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One percent of Swedish crimes linked to refugees

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Border police at Hyllie station in Malmö last month. Photo: Johan Nilsson/TT
10:41 CET+01:00
Only one percent of all police call-outs in the period between October and the end of last month have concerned incidents involving refugees, according to fresh official statistics.

Put together by the Dagens Nyheter daily (DN) on Tuesday, the new figures put in perspective previous reports that Swedish police have been called out to 5,000 incidents linked to asylum accommodation or other issues concerning refugees since mid-October.

The newspaper revealed that from October 15th to the end of January Swedish police were called out to deal with a total of 537,466 incidents – which means that the number connected to refugees makes up less than one percent of the grand total.

"Given the enormous attention that crime among new arrivals has been given in the past six months, one percent does not sound like a lot. It means that 99 percent of what the police do cannot be linked to new arrivals," Felipe Estrada, criminology professor at Stockholm University, told DN.

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It has previously been revealed that police have designated a special code, R291, for incidents involving refugees, allowing them to keep tabs on how last autumn's record influx of asylum seekers into the country has affected their work.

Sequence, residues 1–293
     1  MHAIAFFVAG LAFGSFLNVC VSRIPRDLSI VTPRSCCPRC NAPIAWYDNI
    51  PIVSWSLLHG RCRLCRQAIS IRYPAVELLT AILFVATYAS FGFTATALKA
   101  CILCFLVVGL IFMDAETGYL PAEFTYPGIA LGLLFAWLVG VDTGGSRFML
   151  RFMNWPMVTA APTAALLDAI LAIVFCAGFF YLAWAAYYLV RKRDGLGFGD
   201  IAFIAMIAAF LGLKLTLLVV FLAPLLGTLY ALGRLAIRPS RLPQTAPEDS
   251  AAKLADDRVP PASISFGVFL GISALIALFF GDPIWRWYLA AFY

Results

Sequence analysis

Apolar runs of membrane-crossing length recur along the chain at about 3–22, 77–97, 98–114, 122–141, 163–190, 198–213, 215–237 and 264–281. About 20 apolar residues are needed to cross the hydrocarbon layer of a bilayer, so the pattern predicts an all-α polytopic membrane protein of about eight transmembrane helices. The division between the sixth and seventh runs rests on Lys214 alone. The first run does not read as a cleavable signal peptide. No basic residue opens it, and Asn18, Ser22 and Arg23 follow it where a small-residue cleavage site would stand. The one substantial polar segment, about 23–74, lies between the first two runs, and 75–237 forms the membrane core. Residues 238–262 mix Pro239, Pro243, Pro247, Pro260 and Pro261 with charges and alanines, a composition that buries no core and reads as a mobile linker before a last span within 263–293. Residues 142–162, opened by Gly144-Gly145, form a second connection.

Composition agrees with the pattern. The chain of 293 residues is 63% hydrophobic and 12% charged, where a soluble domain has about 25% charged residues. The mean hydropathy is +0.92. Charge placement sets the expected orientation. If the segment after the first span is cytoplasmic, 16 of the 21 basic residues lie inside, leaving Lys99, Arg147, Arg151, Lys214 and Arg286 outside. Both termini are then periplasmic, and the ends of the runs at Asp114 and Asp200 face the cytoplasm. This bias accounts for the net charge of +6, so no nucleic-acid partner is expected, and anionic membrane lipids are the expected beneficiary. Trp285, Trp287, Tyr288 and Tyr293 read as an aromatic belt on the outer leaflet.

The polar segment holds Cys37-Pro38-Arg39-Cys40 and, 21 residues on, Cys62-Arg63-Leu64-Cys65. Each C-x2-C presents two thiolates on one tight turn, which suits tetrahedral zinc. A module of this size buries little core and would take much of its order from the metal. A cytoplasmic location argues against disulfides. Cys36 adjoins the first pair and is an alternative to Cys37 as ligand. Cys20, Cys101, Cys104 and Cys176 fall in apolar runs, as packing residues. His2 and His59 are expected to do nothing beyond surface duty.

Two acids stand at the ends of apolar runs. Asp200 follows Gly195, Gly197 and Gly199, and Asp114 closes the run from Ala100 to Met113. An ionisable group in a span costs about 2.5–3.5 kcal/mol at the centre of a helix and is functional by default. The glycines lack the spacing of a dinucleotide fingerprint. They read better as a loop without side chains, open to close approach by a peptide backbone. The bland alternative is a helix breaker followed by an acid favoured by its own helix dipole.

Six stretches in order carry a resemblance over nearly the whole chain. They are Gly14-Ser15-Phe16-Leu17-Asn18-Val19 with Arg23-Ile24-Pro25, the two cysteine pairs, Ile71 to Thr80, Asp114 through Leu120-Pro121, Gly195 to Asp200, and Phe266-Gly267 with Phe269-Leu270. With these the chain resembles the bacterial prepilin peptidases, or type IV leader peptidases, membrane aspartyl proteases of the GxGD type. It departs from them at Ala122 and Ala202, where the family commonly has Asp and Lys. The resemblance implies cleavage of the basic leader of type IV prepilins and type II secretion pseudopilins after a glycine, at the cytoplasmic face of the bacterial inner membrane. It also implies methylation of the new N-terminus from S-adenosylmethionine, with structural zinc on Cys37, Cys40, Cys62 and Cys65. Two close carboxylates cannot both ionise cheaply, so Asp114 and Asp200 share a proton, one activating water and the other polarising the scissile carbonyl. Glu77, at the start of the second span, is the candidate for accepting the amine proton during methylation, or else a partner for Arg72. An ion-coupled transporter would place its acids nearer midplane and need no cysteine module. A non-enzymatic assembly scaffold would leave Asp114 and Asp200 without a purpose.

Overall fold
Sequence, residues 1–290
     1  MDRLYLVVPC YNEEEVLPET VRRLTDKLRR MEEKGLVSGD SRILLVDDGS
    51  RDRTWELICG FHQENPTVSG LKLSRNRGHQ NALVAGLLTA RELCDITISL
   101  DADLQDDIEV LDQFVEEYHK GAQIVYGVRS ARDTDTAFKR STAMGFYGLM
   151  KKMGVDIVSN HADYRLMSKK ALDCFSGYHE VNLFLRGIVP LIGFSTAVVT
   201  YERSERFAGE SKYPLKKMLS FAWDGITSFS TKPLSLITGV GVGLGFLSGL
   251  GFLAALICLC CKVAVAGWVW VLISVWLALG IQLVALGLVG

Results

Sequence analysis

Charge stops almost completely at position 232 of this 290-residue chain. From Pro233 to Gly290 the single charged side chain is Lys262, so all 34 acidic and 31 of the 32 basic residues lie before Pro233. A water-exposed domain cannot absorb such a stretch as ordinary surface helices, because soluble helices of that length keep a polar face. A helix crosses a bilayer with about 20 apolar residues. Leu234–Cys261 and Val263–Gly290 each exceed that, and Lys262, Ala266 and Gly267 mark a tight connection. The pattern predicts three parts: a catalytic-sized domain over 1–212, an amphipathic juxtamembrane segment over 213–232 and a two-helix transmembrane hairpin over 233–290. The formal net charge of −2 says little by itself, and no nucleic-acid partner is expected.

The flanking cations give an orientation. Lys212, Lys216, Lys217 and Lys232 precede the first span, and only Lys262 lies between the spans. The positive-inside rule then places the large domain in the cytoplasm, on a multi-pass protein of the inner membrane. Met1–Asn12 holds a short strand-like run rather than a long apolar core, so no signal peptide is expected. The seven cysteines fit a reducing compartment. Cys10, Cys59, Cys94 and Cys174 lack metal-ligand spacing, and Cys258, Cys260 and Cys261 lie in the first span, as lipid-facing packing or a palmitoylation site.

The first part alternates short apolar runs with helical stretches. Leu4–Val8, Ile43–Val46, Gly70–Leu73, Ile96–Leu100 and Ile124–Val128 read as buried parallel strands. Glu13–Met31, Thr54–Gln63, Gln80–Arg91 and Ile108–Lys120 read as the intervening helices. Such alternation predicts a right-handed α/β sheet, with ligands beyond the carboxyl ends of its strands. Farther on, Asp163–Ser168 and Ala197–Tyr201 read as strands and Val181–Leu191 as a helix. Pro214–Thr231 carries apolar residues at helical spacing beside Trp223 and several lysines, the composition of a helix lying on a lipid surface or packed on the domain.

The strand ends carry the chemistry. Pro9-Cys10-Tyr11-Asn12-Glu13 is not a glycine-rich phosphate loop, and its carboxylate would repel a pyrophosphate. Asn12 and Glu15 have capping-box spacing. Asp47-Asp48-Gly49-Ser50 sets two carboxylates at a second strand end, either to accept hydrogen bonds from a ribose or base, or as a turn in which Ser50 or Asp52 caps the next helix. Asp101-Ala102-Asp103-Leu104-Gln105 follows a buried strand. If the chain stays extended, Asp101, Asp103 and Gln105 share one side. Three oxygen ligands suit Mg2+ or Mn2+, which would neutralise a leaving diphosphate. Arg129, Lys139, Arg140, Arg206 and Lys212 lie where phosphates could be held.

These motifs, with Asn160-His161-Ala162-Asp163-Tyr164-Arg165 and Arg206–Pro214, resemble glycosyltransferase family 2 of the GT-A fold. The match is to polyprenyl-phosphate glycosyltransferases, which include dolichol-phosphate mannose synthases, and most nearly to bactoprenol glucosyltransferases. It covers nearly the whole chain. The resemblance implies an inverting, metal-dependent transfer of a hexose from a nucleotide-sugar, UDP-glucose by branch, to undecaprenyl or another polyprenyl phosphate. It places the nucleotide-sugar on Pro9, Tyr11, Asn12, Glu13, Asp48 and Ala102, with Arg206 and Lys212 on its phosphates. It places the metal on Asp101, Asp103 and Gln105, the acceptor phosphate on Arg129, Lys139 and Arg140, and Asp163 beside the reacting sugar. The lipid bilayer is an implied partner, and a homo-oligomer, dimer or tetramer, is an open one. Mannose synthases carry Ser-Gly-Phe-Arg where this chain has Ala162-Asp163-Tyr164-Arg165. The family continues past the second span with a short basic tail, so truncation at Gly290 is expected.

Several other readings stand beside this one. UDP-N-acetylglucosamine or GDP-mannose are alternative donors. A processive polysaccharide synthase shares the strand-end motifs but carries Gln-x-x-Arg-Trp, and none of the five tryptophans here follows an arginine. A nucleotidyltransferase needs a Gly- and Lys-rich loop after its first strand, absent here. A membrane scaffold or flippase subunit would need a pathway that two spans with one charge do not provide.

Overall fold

Thomas Wallberg, of the Swedish police’s National Operations Department (NOA), suggested that the crime rate had not gone up significantly despite reports of increasing tension between refugees and locals in recent months, saying that the figures on the whole represented "the normal picture of police interventions".

"The difference is that this community is compressed into a small space. When a crime is committed in this little space, the entire community easily becomes associated with it," he told DN.

The R291 code was introduced in October at the peak of Sweden’s refugee crisis when as many as 10,000 new asylum seekers were registering in the country every week. 

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At the time police saw a surge in the number of call-outs to crimes of violence, arson and intimidation at asylum centres. The code coveres all cases “involving migrant situations”, including cases where asylum seekers are victims or perpetrators of crimes. 

Sweden took in a record 163,000 asylum seekers in 2015.

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